The poem Carrickfergus was written by an Irish writer called Louis
MacNeice in The 20th Century.
The poem "Carrickfergus" was written by an Irish writer called Louis
MacNeice in The 20th Century. It was written in four line stanzas and
now I am going to analyse this poem and talk about each stanza.
In the first line of the first stanza, we notice that the child Louis
MacNeice is using specific detail in his poem as he says he was born
in Belfast between the mountain and the gantries. MacNeice was brought
up among a lot of divisions and when there was a lot of trouble going
on, he mentions divisions in his second stanza when he says, "The
Scotch Quarter was a line of residential houses, but the Irish Quarter
was a slum for the blind and halt." What he means is that the Scotch
Quarter is richer than the Irish Quarter and they can afford
residential houses but the Irish live in slums for the blind and halt.
The word Scotch Quarter and Irish Quarter were intentionally placed
together to show the divisions which existed at the time.
We can also see the use of onomatopoeia when MacNeice says, "to the
hooting of lost sirens and the clam of trams." MacNeice says in the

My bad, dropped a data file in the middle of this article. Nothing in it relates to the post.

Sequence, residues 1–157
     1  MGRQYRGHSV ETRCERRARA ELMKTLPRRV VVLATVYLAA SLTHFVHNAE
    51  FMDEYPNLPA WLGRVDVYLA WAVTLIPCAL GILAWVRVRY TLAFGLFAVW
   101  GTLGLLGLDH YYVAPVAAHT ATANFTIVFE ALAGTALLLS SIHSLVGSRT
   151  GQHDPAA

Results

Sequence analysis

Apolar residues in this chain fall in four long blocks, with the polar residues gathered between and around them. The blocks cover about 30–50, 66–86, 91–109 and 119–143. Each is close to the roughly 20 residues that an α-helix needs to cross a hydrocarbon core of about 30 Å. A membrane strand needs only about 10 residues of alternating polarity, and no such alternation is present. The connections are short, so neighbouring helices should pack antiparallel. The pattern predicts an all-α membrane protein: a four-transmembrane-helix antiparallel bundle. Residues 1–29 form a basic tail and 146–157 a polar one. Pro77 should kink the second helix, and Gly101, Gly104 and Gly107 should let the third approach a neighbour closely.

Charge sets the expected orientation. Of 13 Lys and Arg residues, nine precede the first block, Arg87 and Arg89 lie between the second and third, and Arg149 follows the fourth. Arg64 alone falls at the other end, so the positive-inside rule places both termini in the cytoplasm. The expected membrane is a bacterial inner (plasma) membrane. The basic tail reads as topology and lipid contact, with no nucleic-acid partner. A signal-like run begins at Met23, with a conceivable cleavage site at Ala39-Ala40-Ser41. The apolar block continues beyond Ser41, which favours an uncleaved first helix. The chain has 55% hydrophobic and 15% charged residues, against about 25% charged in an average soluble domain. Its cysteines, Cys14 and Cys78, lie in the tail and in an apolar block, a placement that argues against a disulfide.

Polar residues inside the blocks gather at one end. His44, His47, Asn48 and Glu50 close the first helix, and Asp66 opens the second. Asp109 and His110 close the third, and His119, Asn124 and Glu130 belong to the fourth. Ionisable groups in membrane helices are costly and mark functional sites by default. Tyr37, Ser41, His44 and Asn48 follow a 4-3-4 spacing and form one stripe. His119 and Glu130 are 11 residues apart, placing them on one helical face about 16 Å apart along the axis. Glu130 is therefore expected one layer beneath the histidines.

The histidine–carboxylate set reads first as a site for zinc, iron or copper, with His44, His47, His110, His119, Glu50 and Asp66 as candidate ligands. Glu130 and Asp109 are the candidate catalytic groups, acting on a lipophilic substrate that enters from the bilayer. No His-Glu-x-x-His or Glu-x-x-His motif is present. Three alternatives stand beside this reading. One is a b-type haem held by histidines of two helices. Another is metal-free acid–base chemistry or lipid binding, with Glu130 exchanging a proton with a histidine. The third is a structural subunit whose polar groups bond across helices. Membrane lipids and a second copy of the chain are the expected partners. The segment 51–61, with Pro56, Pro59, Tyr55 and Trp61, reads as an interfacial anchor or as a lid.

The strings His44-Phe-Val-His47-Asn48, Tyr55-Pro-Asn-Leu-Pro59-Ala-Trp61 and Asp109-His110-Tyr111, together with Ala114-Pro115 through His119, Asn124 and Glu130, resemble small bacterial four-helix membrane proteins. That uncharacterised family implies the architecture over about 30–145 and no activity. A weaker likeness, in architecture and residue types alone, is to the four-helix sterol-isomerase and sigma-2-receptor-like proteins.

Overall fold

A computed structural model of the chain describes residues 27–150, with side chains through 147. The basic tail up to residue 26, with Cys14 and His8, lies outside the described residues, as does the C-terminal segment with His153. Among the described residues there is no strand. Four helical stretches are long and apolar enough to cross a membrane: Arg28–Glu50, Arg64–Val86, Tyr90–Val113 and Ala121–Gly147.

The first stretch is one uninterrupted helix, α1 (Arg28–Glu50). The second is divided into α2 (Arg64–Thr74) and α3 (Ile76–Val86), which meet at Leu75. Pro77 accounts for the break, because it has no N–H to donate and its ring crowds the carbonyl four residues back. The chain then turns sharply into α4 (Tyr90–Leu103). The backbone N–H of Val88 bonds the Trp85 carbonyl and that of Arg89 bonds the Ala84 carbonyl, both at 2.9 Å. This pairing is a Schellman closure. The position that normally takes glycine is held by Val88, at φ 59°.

third stanza that there was a stinking smell of chlorine and his
lights looked over the Lough to the lights of Bangor, from this we can
tell that he lived in a industrial town and he doesn't look it to much
as he says the smell stinks, and the yarn-mill called it's funeral cry
at noon. In the next stanza MacNeice says that the church is to the
blame for all the wrongs going on, I assume he says this because he
doesn't like the church but I believe he genuinely doesn't think the
church is too blame. All throughout this poem, MacNeice mentions the
Normans various times; I think that he is emphasizing his knowledge of
Irish history. MacNeice also tells us that his father was a rector and
he was banned forever from the candles of the Irish poor; again he is